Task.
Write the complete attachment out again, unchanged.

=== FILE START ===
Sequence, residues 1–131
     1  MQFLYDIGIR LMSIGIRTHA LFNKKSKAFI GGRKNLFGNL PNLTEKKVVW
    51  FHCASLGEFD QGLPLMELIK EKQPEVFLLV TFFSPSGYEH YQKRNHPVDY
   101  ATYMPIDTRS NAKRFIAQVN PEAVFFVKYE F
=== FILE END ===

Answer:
Sequence, residues 1–131
     1  MQFLYDIGIR LMSIGIRTHA LFNKKSKAFI GGRKNLFGNL PNLTEKKVVW
    51  FHCASLGEFD QGLPLMELIK EKQPEVFLLV TFFSPSGYEH YQKRNHPVDY
   101  ATYMPIDTRS NAKRFIAQVN PEAVFFVKYE F